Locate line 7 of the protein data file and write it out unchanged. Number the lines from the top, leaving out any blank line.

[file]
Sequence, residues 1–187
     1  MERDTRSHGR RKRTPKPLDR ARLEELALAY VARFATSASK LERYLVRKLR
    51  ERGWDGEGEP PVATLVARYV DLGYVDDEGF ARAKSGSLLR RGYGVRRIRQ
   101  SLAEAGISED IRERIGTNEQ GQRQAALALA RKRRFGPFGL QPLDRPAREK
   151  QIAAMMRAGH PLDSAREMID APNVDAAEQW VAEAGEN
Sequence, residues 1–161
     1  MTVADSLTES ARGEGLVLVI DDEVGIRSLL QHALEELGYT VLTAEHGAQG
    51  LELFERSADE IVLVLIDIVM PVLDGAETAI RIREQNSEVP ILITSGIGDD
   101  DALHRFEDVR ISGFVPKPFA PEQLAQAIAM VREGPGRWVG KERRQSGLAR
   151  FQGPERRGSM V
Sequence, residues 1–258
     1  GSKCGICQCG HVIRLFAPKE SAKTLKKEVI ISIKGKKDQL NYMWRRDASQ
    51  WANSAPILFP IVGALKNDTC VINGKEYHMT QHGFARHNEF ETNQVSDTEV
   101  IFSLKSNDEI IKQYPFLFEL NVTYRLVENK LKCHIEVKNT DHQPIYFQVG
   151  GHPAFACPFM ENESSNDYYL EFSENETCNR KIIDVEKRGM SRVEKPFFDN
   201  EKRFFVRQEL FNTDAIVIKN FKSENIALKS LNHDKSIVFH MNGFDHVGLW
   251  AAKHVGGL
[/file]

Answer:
     1  MTVADSLTES ARGEGLVLVI DDEVGIRSLL QHALEELGYT VLTAEHGAQG